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Reno Business Weekly: March 23, 2022

By Bob Conrad

Commissioners criticize NDOT traffic signal changes

By Kristen Hackbarth

Drivers on Pyramid Highway have expressed frustration over the past week as advance warning signals for a number of stop lights have been modified by the Nevada Department of Transportation. The changes are part of a phased project to remove some of the highway’s advance warning signals and modify the operation of others. 

Washoe County Commissioner Vaughn Hartung

“This has frustrated my residents in Spanish Springs beyond belief,” said Washoe County Commissioner Vaughn Hartung during Friday’s Regional Transportation Commission board meeting. “Most people have lost confidence in NDOT who live in Spanish Springs.”

Hartung read a series of comments he received from residents who drive on Pyramid Highway and are confused by the changes. They said they are also concerned the changes will make driving the highway less safe. 

Hartung said he shared those concerns. 

“It’s very confusing, it’s a hindrance on the highway and it’s not making the traffic flow smoother,” he said. “I’m getting floods of emails.”

The changes, also being made to some warning lights on the Mt. Rose Highway, include adjusting the yellow flashing lights that warn that a traffic signal ahead is yellow or is red and a driver should slow down. The current setting for the lights is to continuously flash, which has drivers confused as to whether they should slow down or keep driving. 

Read more: https://thisisreno.com/2022/03/commissioners-criticize-ndot-traffic-signal-changes/

Opinion: Course helps hosts navigate short-term rental ordinance

Submitted by Julie Davies

As I read the article “New Short-Term Rental Ordinance Leads to Dozens of Complaints, Fines Against Homeowners,” I appreciated the county’s code enforcement emphasis on illegally operating Short-Term Rentals (STR). But I was disheartened by the reported increased complaints and ongoing non-compliance.

Code enforcement needs to be fully implemented, STR hosts need quality instruction about how to host more responsibly, and STR ordinances need time to stabilize before communities negatively judge their efficacy.

Vacation homes have been operating for decades. In recent years, the Short-Term Rental industry has boomed due to societal changes influencing STR consumer demand along with a push by online technology and “sharing economy” advocates.

As educators, we’ve been studying ordinance components in communities across the nation and recognize critical factors that help neighborhoods that have been disrupted by STRs listed on online reservation sites like Airbnb or Vrbo.

Read more: https://thisisreno.com/2022/03/extended-studies-course-helps-hosts-navigate-short-term-rental-ordinance-opinion/

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Business news briefs

Sisolak announces environmental justice team. The group is responsible for developing the statewide strategy for dealing with rising temperatures in Nevada’s urban areas. “To ensure the most vulnerable Nevadans are able to weather the worst impacts of climate change, I am committed to ensuring we appropriately direct federal resources that support the Justice 40 Initiative,” Sisolak said. 

The Department of Employment, Training and Rehabilitation announced last week that Unemployment Insurance Administrator Nancy St. Clair has been appointed by the National Association of State Workforce Agencies to serve on its Unemployment Insurance Information Technology Support Center Steering Committee. “It’s an honor to have been appointed to this committee. I look forward to representing Nevada and working with other states and partners as the committee considers the application of information technology and resulting improvements to the UI customer experience,” said St. Clair.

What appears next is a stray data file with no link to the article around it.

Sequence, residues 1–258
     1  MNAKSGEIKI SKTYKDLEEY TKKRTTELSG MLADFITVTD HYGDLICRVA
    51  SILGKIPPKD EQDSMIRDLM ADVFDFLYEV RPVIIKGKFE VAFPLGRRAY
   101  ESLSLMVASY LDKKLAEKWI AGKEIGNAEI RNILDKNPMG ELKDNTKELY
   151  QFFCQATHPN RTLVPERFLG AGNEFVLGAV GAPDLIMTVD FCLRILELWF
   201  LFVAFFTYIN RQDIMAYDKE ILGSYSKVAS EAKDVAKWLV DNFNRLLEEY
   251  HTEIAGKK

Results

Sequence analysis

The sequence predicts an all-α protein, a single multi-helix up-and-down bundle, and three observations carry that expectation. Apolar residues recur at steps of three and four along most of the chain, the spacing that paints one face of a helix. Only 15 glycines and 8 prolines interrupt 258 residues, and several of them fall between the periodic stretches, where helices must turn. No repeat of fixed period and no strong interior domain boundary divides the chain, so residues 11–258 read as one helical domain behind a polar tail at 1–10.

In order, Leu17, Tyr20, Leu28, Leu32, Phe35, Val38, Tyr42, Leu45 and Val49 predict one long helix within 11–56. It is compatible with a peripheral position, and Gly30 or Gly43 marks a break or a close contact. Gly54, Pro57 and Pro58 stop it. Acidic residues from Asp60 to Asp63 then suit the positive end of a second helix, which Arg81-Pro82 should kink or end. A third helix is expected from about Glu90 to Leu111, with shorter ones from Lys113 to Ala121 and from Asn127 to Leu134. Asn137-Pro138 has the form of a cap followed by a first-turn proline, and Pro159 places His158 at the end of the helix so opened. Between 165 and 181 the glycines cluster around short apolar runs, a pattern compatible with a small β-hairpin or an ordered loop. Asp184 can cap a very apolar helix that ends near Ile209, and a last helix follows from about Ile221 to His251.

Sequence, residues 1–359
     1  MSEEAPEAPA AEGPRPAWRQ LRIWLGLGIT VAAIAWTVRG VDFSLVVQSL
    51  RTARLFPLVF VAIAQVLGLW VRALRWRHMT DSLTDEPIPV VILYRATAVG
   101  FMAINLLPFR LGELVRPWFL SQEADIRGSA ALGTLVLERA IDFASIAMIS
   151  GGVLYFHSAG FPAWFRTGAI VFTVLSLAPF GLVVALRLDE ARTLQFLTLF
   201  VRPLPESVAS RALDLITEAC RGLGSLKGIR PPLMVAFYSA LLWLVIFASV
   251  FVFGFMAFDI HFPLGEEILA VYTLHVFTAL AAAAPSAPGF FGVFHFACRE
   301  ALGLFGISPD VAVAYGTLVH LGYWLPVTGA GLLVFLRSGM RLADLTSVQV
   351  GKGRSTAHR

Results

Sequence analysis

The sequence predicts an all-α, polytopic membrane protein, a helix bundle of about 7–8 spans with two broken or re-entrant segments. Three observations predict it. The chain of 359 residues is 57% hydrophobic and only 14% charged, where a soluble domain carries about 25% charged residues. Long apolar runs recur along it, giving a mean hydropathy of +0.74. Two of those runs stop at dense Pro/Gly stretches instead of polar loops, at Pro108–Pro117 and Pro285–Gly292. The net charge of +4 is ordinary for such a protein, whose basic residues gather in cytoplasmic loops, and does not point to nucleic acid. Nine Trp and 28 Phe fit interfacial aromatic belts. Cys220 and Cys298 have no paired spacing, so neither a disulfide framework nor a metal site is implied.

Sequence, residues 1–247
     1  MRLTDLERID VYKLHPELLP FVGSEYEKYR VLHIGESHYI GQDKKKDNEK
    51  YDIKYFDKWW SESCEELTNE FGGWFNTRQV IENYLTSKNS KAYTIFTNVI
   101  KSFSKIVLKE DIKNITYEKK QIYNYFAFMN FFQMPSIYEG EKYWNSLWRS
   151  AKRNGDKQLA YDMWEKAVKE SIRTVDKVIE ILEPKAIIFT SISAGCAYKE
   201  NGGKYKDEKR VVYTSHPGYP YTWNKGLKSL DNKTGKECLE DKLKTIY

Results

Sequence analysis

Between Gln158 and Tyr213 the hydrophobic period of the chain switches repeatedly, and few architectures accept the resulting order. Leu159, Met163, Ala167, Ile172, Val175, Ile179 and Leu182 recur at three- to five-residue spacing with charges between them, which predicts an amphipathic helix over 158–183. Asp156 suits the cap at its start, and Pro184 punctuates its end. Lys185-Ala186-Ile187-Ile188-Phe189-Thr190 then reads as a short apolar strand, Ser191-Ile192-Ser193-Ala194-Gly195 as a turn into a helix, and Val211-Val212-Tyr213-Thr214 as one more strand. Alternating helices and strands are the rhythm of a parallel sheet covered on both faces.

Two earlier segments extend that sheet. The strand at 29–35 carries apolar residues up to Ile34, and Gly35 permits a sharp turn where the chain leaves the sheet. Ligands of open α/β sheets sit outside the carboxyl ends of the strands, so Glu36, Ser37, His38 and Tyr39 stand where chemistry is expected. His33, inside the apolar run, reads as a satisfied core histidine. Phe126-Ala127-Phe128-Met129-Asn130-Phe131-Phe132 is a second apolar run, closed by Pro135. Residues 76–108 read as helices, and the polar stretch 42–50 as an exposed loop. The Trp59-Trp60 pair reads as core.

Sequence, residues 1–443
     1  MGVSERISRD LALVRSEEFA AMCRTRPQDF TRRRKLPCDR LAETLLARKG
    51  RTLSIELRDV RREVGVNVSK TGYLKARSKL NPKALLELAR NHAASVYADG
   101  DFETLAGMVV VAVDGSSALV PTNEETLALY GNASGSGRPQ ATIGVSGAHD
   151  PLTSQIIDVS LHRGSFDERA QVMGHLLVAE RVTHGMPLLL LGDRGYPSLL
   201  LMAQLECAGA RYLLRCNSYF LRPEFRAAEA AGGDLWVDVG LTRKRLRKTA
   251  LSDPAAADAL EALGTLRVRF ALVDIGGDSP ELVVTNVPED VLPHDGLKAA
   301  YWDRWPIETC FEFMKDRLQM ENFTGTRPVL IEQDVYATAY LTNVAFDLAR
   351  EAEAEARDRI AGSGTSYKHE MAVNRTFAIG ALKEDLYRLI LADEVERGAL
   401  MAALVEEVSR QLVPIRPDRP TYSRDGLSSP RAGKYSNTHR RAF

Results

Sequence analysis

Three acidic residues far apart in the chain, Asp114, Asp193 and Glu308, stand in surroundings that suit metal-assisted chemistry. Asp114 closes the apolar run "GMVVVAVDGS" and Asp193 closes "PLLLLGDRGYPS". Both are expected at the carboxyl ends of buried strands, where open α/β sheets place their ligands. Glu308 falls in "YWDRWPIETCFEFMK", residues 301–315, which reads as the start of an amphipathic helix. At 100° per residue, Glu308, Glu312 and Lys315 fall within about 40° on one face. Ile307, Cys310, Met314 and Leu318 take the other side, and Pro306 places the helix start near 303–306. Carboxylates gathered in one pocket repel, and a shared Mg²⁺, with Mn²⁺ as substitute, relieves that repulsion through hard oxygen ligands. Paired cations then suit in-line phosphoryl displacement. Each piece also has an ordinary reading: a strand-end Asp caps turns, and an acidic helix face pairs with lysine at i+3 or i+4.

Dickson Commercial Group announces three brokers promoted. Joel Fountain, Travis Hansen and Gary Tremaine have been promoted to senior vice president within DCG. “These promotions recognize the hard work and diligence of a number of brokers at DCG who have had great success in their careers and in our marketplace,” said Tom Fennell, principal at DCG. 

GOED board approves workforce development grant. The Nevada Governor’s Office of Economic Development Board recently approved a $400,000 grant from the Workforce Innovations for the New Nevada (WINN) fund to grow a Commercial Driver’s License Training Program at Western Nevada College. “Our In-Demand Occupation analysis shows that Nevada is 4,509 jobs below the national average in licensed commercial drivers,” said Stacey Bostwick, GOED director of workforce development. “This program in Carson City will create 100 training slots for jobs with an average starting wage of $24 per hour and begin to address the deficit in an area of critical workforce development need.”

USDA: Lucas Ingvoldstad selected as state director for rural development in Nevada. President Joe Biden announced his intent to appoint nine U.S. Department of Agriculture regional positions, including Lucas Ingvoldstad as Rural Development State Director in Nevada. Prior to joining USDA, Ingvoldstad was the senior director of government and external affairs for Eolus North America, a renewable energy developer focusing on solar, wind and battery storage projects.
Greater Nevada donates $10,000 to Ukrainian Credit Union Displacement Fund. This donation supports ongoing efforts to mitigate both immediate and long-term impacts to Ukraine’s credit union system, according to a press statement. “Our thoughts are with everyone in Ukraine and we fervently hope for a quick end to the violence and atrocities,” Wally Murray, GNCU president and CEO, said. “Supporting our fellow credit unions, their members and employees during this distressful time is a moral imperative for us.”

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